HILO, Hawaii (AP) — A Hawaii water utility has no current plans to restore service to two areas damaged by the Kilauea volcano, officials said.
The Hawaii County Department of Water Supply is not considering restoration of water service to Kapoho and the area around Pohoiki, The Hawaii Herald-Tribune reported Sunday.
The department is not discounting possible future restoration of service in Lower Puna, the Big Island area that lost more than 700 homes during the 2018 volcanic eruption, said chief engineer Keith Okamoto.
The department estimated $38.4 million in costs to replace the water system, he said.
"We're not shutting the door at all at this point, we're just saying at this time, we don't have immediate plans to restore infrastructure in the area," Okamoto said.
Okamoto told county council members last week that restoration efforts would be cost prohibitive and current conditions are unsuitable for water infrastructure repairs.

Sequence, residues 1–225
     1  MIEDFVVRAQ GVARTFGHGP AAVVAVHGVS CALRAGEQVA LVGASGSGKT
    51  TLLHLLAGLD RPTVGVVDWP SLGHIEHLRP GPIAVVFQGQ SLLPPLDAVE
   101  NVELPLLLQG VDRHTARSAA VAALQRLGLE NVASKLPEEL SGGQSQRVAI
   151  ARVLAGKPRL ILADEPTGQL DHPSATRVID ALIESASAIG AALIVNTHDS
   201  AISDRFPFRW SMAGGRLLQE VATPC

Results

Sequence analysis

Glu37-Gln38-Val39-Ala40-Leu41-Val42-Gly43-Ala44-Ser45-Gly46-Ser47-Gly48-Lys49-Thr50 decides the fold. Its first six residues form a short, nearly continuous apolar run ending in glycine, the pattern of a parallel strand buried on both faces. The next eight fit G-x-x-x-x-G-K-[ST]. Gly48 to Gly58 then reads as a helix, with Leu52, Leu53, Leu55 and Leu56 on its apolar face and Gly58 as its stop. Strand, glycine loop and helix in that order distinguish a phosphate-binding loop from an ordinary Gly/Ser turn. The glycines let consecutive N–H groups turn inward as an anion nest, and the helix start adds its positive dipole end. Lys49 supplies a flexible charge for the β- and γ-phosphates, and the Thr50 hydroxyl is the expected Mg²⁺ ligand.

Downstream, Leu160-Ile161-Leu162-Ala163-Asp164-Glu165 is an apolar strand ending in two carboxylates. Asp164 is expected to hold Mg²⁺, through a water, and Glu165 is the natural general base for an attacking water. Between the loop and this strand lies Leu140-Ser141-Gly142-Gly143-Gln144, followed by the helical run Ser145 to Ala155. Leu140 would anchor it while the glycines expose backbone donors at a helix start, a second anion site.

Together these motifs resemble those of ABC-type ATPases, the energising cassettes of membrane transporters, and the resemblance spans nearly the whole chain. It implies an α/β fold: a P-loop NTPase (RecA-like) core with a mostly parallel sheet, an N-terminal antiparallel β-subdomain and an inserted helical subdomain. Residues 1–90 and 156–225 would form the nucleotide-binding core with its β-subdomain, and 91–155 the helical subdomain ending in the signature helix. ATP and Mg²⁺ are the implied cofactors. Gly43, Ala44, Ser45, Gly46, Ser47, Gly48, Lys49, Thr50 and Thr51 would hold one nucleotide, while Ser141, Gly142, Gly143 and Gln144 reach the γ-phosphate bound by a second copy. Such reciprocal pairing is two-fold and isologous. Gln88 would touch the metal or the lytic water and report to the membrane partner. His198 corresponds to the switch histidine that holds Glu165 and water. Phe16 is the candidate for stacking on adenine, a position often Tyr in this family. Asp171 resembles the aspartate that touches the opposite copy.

The Kapoho well, chlorination and control building were covered by lava and more than 14 miles (23 kilometers) of waterline was rendered unusable, he said.
Two 100,000-gallon (378,530-liter) concrete reservoirs at Lanipuna Gardens and Kapoho are still standing, but isolated by lava. Gaskets on underground pipes can only handle temperatures up to about 200 degrees (93 Celsius), Okamoto said.
"Our understanding is lava's a bit hotter than that," he said. "We know that the gaskets get compromised and there's serious leakage, and basically you can't operate the water system under those conditions."
Future repair plans would depend on funding from the Federal Emergency Management Agency and final recovery plans, he said.
Information from: Hawaii Tribune-Herald, http://www.hawaiitribune-herald.com/